5 Tips for Designing Course Documents

Here towards the end of the semester, I’m thinking about all of the different kinds of documents I’ve seen left behind on or near the departmental photocopier over the past 15 weeks. And I’ve developed some … opinions about how such documents could be improved.

Here are 5 specific tips I’d like to share with you:

  1. Add the same visible metadata to every document: Remember that each of your documents will have a life independent of the other documents you’re creating for a course. When that document is separated from context, will it be possible for someone to know where it came from or what it’s for? Add some context in the form of a header on each page: put the course name and number, your name, office number, and whatever contact information you wish to share. This information helps a student keep track of which document belongs to which class and reminds them of how to get in touch with you.

  2. Frontload the important stuff: Students use your course documents like a reference work, not like a novel. For example, they’ll revisit an assignment sheet again and again to remind themselves how long an essay needs to be or when it’s due. Don’t slowly reveal the important information; instead, put it at the top of the document in an easy-to-find format. For the essays I assign, I create a bulleted list with the due date, the required number of words, the required format, and how much the assignment is worth.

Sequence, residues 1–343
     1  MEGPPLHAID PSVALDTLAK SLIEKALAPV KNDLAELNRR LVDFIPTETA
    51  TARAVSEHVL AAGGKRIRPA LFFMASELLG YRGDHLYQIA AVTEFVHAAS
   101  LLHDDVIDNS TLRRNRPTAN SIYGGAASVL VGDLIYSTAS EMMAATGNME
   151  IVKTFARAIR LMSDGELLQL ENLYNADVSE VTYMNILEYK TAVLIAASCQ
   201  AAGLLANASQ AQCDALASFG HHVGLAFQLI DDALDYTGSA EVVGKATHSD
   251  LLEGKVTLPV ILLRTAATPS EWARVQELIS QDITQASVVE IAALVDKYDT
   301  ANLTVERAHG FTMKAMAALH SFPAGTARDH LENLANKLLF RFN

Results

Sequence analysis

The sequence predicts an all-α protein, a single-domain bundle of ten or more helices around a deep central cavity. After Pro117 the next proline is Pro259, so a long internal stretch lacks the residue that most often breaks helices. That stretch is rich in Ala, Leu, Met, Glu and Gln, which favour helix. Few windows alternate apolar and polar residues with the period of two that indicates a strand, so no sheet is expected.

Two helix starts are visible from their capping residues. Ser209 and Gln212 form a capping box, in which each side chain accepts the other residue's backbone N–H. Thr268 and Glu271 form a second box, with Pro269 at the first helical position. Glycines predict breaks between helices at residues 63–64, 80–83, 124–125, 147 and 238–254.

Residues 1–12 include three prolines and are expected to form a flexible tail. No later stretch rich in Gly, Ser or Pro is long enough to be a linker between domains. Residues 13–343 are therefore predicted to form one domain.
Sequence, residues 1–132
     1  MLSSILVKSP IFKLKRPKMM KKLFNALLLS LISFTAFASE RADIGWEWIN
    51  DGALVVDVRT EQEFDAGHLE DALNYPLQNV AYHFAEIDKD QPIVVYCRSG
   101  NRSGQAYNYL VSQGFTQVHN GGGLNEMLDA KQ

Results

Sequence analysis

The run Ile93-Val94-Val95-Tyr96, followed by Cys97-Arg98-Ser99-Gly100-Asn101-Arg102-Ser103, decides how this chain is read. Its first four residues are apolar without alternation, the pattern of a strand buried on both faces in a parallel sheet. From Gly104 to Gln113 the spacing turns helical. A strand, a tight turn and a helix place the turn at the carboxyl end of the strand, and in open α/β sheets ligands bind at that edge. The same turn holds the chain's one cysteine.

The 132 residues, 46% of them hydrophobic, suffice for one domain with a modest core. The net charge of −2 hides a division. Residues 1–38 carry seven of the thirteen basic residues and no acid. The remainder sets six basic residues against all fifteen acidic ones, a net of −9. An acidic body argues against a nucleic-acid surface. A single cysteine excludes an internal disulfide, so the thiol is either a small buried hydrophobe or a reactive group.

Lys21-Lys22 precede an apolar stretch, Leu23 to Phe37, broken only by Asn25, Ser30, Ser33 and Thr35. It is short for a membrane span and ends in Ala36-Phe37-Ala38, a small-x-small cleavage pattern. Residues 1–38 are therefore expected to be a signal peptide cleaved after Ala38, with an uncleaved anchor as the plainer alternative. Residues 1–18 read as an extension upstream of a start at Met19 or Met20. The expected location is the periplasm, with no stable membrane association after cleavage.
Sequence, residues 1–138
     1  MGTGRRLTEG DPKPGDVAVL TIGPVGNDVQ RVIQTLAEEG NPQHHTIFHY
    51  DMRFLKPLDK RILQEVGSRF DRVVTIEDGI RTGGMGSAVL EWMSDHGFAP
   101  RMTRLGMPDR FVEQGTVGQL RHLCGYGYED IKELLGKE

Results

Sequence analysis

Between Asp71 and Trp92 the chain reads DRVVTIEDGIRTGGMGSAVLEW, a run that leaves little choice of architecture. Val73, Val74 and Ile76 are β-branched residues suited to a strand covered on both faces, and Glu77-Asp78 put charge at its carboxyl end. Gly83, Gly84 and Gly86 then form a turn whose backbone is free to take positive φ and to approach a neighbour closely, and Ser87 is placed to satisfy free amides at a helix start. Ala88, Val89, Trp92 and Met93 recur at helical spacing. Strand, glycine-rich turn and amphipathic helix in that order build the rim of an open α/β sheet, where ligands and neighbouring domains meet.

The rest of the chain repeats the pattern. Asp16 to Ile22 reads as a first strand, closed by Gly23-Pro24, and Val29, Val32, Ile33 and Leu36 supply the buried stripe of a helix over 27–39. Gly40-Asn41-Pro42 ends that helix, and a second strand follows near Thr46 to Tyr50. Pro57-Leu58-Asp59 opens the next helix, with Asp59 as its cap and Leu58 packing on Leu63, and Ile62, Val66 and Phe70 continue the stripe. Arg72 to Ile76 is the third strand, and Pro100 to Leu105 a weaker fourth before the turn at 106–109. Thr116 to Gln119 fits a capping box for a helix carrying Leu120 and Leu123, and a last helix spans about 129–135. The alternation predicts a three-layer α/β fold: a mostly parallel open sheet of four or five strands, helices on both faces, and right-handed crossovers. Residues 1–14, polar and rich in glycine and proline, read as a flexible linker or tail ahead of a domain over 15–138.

3. Use white space: If your primary goal is to save time and paper at the photocopier, you risk ending up with an unreadable gray blob of text in 10-point type (I’ve seen it) stretched across each page. Think instead of the individual who is eventually going to be reading your text and allow yourself generous margins, space between the different parts of the document, and a decent-sized font (12 point is nice).

  4. Use headings and subheadings: To allow your students to quickly scan through text to get to what they want to see, create headings and subheadings to clearly indicate the different parts of your document. This might sound obvious, but I’ve seen plenty of assignments, for example, that have a title at the top of the page and then several paragraphs of prose. This makes it difficult for readers to jump right to the "Research Requirements," say. So make it easier for them by breaking your document up into different sections and then putting a heading at the top of each section.

  5. Use lists and bullet points: When you have several items in a list — possible topics for an essay, steps to take to complete a process — don’t just put them into a sentence, separated by commas. Instead, create an ordered list or a bulleted list. Why? It makes the information much easier to scan, and it allows more breathing room for your information by creating some white space (see point 3 above).

How about you? Do you have any specific suggestions for how to improve the design of course documents? Please share in the comments.

["design sketches" by Andrew Turner is licensed under CC BY]

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